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5 Thoughts From Jesse Thomas’ Five-Peat At Wildflower

Jesse Thomas took his fifth victory in a row at the Wildflower Long Course Triathlon on Saturday.

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Jesse Thomas took his fifth victory in a row at the Wildflower Long Course Triathlon on Saturday. We chatted with Thomas about his five-peat experience. (Be sure to check out his race report about his day too.)

Triathlete.com: You mentioned in your blog that you would prefer winning every race in the last mile instead of being out front for so long. What didn’t you like about leading?

Thomas: “In a race like that, it’s so hard because you can’t focus anywhere but backwards when you’re in the lead. Before I took the lead on the bike—which I’ve only had on a couple races in my career—I was hurting, but I had these dots out in front me. I thought, ‘Keep your head down, keep reeling them in.’ Then you have the lead and you think, ‘What if I cramp? What if I flat? What if my water bottle flies off?’ and all the sudden your mindset flips to all these other things.”

“And that’s all I could think about during the run—‘oh man, am I cramping?’ I kept racking my brain trying to figure out what guys in the field could come and pass me. ‘Oh god, is he a fast runner? I can’t remember. What if [pro runner Ryan Hall’s brother] Chad Hall runs like a four-minute pace and catches me?’ You just start thinking about all that negative stuff.

“The one thing I remember thinking up the hill on the run was, ‘Oh my god this is so bad, those guys are definitely catching me right now,’ and then I realized every single guy going up that hill thinks he’s having the worst race of his life. You’d have to be an alien to be having positive thoughts up this hill.”

[consults his Strava to look at splits]

“I ran a mile in the middle of this thing from 4.2-5.2 where I averaged 7:49. I ran a whole mile at 7:49, that’s how much climbing there is. And for two minutes of this run, I was averaging 9:25 pace. For a guy who normally runs 5:20–5:30, that is really slow.”

RELATED PHOTOS: 2015 Wildflower Long Course Triathlon

Triathlete.com: What was your mindset going into this year’s race compared to last, where you were coming off of injury?

Thomas: “It was honestly the most relaxed I’d ever been before the race. Not because I was overly confident, because I mostly get nervous based on my own expectations. I felt like with this race I had the least to prove to myself. Last year I didn’t know if I was going to be able to race at this level again. Now I’m through that and mostly healthy, so that was pretty nice. It kind of worried me before the race because I wasn’t sure if I had my game face on.”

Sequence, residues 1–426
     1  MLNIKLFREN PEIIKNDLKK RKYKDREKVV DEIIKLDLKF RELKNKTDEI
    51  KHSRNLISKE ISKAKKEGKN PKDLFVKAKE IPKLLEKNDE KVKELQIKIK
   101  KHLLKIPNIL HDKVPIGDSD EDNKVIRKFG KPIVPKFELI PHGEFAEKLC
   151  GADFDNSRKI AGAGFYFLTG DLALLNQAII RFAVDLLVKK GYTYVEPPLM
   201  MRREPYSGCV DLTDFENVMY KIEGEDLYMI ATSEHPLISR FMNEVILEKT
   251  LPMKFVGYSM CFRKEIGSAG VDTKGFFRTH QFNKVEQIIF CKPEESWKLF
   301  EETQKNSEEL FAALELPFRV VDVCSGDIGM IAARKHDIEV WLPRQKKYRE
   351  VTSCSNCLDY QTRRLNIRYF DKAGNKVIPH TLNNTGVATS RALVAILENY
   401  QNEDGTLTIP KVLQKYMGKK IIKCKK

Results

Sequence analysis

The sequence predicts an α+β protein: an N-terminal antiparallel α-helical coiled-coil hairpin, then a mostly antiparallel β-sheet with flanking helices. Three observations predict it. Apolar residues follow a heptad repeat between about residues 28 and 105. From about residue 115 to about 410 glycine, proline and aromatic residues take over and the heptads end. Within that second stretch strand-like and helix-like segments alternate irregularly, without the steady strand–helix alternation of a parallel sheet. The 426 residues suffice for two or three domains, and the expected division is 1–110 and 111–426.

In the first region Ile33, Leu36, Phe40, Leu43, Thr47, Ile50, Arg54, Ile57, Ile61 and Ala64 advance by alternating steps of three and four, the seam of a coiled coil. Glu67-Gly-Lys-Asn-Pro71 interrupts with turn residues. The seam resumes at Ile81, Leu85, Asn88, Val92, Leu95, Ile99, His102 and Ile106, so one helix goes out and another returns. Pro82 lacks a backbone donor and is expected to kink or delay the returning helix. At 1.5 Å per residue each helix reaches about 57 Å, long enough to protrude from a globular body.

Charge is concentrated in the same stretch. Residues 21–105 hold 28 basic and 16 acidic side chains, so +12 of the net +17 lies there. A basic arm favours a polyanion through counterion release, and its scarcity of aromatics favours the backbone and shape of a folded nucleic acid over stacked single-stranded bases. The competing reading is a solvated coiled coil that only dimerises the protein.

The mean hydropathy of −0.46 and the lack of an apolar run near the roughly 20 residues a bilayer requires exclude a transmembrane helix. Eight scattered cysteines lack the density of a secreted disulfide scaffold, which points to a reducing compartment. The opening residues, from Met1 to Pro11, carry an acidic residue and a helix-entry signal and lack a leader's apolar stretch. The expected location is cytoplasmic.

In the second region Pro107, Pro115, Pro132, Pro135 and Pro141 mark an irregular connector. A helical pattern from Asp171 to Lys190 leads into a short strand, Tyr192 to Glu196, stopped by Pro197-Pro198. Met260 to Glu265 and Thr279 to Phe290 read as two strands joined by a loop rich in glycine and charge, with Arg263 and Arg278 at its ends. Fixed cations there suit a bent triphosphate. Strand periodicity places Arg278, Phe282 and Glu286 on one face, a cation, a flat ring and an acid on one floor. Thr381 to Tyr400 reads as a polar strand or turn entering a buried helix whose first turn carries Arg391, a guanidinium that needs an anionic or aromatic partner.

Triathlete.com: Your training partner and friend Matt Lieto had a solid day and finished second. You guys train together a lot and I’ve heard he’s a bit faster than you in the pool but you’ve got the edge in open water.

Thomas: “The coolest part of the day was seeing Matt do well and beating all the other guys and having a solid race across the board, because he’s been waiting for that moment. He’s a lot faster than me in the pool. He leads my lane and I can’t stay five seconds behind him. He crushes me in the pool, which kind of makes me think he swims like an a**shole in the open water. I know I am a bad pool swimmer compared to how I swim in the open water.”

Triathlete.com: You had (wife) Lauren and (almost two-year-old son) Jude with you at last year’s race, but not this year’s. How did that change the experience?

Thomas: “I just miss those guys a lot and Jude was mad at me and giving me the cold shoulder on FaceTime. He’s getting old enough to get pissed when I leave. He was amped when I got home though.

“With him getting older, it makes him more fun to be around so I just want to spend more time with him. He’s legit become my little buddy. He’s like my friend. [laughs] Because I’m so busy, outside of Matt Lieto, he’s the only other guy I spend a significant amount of time with. I’m going to be super bummed when he gets old enough to have friends of his own. That’s the main thing—there are times now where I get back form a long bike ride and I just think ‘I get to hang out with Jude.’”

Triathlete.com: Two factors potentially pull people away from Wildflower—Ironman 70.3 St. George the same day and the second year of the swim, two-mile run, bike, run format that came as a result of the drought. What do you think will/should bring people to this race?

Thomas: “I think people should be excited about racing this course as is because it’s super unique and even harder than the original. I don’t know if that turns more people off or ultimately turn more people on. It’s a super unique experience—it’s amazing how much of a difference it makes. I feel like Wildflower could just own that and call the T1 run like the ‘Lake Burner’ or give it a name that sounds like a treacherous challenge and get people psyched. They could bill it as the hardest half-iron triathlon in the world.”

“It’s fun. And it should be—if you’re a triathlete, you’re not putting in all of this time training to go do something that’s easy. The hard part should be fun. When you finish that race, you’re going to feel a sense of accomplishment that you would not feel in any other triathlon. And the atmosphere is still an awesome, super fun festival, with 3–4 different races over the course of the weekend and lots of family-friendly stuff.”

RELATED: Thomas’ Triathlife Column